The Joe Walsh Challenge

Published August 28, 2019

The New York Times

Joe Walsh, a one-term Congressman from Illinois who became a fiery right-wing radio host, announced on Sunday that he would challenge President Trump for the Republican nomination. The former Tea Party favorite declared Mr. Trump “completely unfit” to be president, before adding that “everyone” in the Republican Party knows it.

If so, Republicans have a strange way of showing it. Mr. Walsh has become the target of attacks from a party base and conservative media complex that is enraptured with the president.

Late on Monday night I received an email from a strongly pro-Trump political pundit with whom I am periodically in touch. Our differences over Mr. Trump are quite deep, but we’ve managed to share our differing perspectives in a reasonably respectful manner.

He started his email by quoting Mr. Walsh, who during a television interview said, “I wouldn’t call myself a racist but I would say” that “I’ve said racist things on Twitter.” Then he wrote this:

Good Lord, Pete.

I have a colleague who claims Walsh has instantly become the face of the Never Trump movement (much to his delight) and that his fellow Never Trumpers will never write a word of condemnation of Walsh, thereby proving their disingenuous position. Will we be seeing words of wisdom from Mr. Wehner? Asking for a friend.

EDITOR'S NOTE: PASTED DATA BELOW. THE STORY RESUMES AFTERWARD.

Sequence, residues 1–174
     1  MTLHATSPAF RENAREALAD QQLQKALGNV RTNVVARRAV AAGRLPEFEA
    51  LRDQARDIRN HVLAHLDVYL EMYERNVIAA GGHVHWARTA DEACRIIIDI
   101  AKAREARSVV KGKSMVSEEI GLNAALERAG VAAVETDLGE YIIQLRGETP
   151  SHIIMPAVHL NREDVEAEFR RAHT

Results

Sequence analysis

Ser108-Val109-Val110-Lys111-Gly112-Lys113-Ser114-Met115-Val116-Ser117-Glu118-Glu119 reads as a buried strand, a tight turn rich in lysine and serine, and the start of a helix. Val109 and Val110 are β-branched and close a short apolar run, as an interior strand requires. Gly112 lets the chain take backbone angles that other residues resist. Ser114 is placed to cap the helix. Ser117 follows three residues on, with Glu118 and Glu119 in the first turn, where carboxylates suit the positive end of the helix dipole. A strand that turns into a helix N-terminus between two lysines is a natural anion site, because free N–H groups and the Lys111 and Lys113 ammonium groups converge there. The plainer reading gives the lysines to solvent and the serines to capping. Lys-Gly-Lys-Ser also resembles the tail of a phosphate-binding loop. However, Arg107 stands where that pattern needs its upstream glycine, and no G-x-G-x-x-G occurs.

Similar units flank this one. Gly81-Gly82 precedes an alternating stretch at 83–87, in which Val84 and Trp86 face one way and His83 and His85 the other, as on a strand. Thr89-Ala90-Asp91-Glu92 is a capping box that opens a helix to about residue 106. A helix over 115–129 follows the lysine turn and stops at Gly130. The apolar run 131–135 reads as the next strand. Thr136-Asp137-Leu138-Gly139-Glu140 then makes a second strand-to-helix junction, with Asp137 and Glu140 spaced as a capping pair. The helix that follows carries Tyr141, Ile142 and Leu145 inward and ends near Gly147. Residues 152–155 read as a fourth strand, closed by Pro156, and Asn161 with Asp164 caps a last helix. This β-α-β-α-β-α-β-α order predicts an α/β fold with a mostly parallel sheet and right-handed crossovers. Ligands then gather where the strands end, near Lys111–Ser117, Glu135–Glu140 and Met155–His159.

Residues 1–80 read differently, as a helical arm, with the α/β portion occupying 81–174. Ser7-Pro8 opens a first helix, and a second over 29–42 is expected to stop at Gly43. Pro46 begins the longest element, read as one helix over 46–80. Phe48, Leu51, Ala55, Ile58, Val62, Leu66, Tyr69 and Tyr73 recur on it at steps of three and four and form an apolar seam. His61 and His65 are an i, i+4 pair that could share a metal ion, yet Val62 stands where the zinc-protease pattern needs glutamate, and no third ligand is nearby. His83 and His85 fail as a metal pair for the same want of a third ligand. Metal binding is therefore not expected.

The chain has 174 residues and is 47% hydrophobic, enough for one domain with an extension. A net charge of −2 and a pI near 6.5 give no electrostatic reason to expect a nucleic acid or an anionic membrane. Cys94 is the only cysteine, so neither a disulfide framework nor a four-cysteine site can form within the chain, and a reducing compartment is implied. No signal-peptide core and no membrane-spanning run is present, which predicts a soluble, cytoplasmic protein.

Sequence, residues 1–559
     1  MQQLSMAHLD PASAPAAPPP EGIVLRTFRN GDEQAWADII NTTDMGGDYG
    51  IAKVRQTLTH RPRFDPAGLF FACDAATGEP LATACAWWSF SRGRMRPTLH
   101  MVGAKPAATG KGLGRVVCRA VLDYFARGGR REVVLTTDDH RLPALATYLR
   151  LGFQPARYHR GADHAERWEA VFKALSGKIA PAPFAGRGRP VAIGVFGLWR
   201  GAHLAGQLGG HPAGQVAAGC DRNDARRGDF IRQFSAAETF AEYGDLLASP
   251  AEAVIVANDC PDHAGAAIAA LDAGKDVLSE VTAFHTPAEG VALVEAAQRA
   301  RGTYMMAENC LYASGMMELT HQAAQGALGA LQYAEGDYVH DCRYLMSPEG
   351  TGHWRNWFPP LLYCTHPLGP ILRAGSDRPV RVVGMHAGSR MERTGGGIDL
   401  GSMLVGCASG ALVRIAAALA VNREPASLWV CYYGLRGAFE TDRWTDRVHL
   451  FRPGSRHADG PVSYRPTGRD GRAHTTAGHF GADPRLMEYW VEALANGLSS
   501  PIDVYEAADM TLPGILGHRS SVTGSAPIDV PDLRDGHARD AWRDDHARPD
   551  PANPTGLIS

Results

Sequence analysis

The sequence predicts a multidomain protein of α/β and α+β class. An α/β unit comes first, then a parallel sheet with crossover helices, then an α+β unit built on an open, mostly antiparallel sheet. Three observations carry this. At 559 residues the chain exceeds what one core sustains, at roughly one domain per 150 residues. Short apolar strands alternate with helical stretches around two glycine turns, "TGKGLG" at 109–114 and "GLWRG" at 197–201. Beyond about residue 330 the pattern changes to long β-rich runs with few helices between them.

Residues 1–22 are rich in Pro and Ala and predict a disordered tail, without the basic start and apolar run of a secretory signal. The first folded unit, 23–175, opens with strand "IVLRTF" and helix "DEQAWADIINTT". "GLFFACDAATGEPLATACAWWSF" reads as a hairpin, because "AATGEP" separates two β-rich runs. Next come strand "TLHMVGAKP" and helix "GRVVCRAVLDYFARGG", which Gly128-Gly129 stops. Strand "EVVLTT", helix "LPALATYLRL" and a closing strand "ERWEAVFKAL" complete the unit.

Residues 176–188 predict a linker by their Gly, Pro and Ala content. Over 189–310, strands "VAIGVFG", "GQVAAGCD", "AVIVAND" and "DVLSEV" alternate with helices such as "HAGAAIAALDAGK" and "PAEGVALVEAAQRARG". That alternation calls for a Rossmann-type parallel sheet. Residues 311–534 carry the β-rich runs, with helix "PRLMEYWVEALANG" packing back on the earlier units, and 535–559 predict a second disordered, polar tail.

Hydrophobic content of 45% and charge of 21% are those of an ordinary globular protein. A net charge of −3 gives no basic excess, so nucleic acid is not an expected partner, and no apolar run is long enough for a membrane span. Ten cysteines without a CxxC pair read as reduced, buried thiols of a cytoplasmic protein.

As one of the earliest of the Republican never Trumpers, I am happy to rise to the challenge.

I will get to Mr. Walsh and his racist rants in a moment, but first I will admit that my initial reaction to this email was bemusement at the question posed to me. Mr. Trump’s most vocal supporters are now demanding that Mr. Trump’s most vocal critics do what they will not, which is to publicly recoil against a politician — in this case, Mr. Walsh — who appeals to the worst instincts and ugliest sentiments in America.

Their argument seems to be that decency requires the president’s relatively few conservative critics to call out Mr. Walsh for saying detestable things while Mr. Trump’s right-wing supporters cheerfully defend him under any and all circumstances, regardless of the fact that the president’s rhetoric is pathologically dishonestdehumanizingcruelcruderacist and misogynistic. There’s a word for what Trump supporters are doing here: hypocrisy.

As for the charge of being disingenuous, that is exactly the word to describe those who once railed about the deficit but are now utterly indifferent to it because it is their man who is running up record levels of debt, who once championed free trade but are now defending a president who says “trade wars are good, and easy to win” and who were thrilled when President Ronald Reagan referred to the Soviet Union as the “evil empire” but are now cheerleading for a president who swoons for the overlord of one of the most brutal governments in the world.

Whataboutism is a game anyone can play, but there’s something more important going on here. A large number of Mr. Trump’s supporters are either blind to their double standard or at least not embarrassed by it. Pointing out facts that challenge their ideological and political assumptions is like shooting BBs against a brick wall.

In this case, Joe Walsh is precisely the kind of figure who was praised on the right during the pre-Trump era. He was the archetype of the angry, hotheaded, insulting, anti-establishment Tea Party figure they were drawn to. It will make them look foolish if they hammer Mr. Walsh for those very characteristics now that he is challenging their “chosen one.” Foolish, but not surprising.